On December 6, 2012, the IRS issued final regulations for the Patient-Centered Outcome Research Trust Fund. Health Reform provides for the establishment of this nonprofit institute to assist patients, clinicians, purchasers, and policy-makers in making informed health decisions by advancing the quality and relevance of evidence-based findings.
As communicated in a previous compliance update, the statute imposes a fee on an issuer of a specified health insurance policy for each policy year ending on or after October 1, 2012 and before October 1, 2019. The PCOR fee, which is one dollar for policy years ending on or after October 1, 2012 and before October 1, 2013, and two dollars for policy years ending on or after October 1, 2013 and before October 1, 2014, is based on average number of lives (members) covered under the policy. Beginning with policy years ending on or after October 1, 2014, the fee will be increased based on the increases in the projected per capita amount of National Health Expenditures.
The final regulations include some modifications, but for the most part, there are no significant changes from the proposed regulations.
- In general, the fee is paid on accident or health coverage. The fee is not required for excepted benefits, most expatriate plans, EAPs, disease-management and wellness programs that do not provide significant medical benefits.
- The final regulations confirm that retiree-only plans are subject to the fees and that COBRA participants must be included in calculating the fees as well.
- As the proposed regulations indicated, self-insured plan sponsors can select from three methods to determine the average number of covered lives for the calculation of the fee – the Actual Count method, the Snapshot method or the Form 5500 method.
- For the snapshot method, the regulations now allow the dates used in the 2nd, 3rd, and 4th quarters to fall within three days of the corresponding 1st quarter date, to avoid the complications of weekends and holidays.
- The regulations also clarify that the Form 5500 method will not be available to sponsors whose Form 5500 is filed on an extended deadline that is later than the July 31 due date for the PCOR fee.
- The final regulations identify that if a plan sponsor maintains multiple self-insured arrangements (e.g., major medical coverage and an HRA), the plans can be treated as a single plan if they operate on the same plan year.
- The final regulations also permit the sponsor of a self-insured health plan that includes both fully insured and self-insured options to disregard the lives covered solely by the fully insured option.
- The final regulations allow sponsors of HRAs and non-excepted health FSAs to count only employee-participants as covered lives. There is no requirement to count spouses or dependents whose expenses may also be reimbursable under the plan. It is also important to note that when an employer sponsors a fully insured health plan along with an HRA or non-excepted health FSA, PCOR fees will be paid by the insurer on the lives covered by the health plan, including spouses and dependents, and by the employer on the employee-participants covered by the HRA or non-excepted health FSA.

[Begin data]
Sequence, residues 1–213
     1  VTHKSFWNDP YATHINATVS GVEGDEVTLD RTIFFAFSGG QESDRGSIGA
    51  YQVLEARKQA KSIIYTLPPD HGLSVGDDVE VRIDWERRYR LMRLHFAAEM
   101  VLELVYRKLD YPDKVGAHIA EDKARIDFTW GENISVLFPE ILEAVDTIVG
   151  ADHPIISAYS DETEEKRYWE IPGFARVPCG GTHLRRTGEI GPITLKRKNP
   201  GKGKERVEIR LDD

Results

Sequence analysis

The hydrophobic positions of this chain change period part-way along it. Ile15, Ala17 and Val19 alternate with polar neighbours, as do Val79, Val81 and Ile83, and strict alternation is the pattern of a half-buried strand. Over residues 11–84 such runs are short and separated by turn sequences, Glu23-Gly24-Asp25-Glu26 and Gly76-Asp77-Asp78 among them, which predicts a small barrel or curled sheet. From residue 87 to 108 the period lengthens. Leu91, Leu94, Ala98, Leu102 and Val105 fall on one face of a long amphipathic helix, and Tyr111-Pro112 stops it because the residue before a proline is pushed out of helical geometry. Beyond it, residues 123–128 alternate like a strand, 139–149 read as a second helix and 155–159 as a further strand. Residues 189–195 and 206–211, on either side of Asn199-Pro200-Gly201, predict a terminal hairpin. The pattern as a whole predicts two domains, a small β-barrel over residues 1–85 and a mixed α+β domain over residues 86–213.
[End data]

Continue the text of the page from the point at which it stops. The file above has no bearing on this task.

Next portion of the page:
- The final regulations also still include the transition relief illustrated in the proposed regulations for counting covered lives during the period before regulations were issued, but requests for additional relief were denied.
Calculating the Fees
To determine the average number of covered lives covered under a specified health insurance policy, insurers are permitted to use one of the following methods:
- The Actual Count Method
- The Snapshot Method
- The Member Months Method
- The State Form Method
A plan sponsor of an applicable self-insured health plan is liable for the fee. Plan sponsors of self-insured plans are permitted to use one of the following three methods:
The Actual Count Method
Add total number of lives covered for each day of the plan year and then divide by the total number of days in the plan year.
Add total number of lives covered on a date during the first, second, or third month of each quarter of the plan year and then divide that total by the number of dates on which the count was made.
Form 5500 Method
For employers who have an average of more than 2 members per contract, this approach for adding members is most advantageous. Add the sum of total participants at the beginning and the end of the plan year as reported on the Form 5500 for the applicable self-insured plan and then divide by two.
We encourage plan sponsors of self-insured plans to review Treasury Decision 9602, 12/06/2012, IRC Sec(s) 4375 before adopting any of the three methods summarized above. We have provided the link to this document for your convenience.
Please note that the information contained in this document is designed to provide authoritative and accurate information, in regard to the subject matter covered. However, it is not provided as legal or tax advice and no representation is made as to the sufficiency for your specific company’s needs. This document should be reviewed by your legal counsel or tax consultant before use.
Additionally, the messages and content within the Pittsburgh Health Care Reform group do not reflect the advisory services of Henderson Brothers, Inc.
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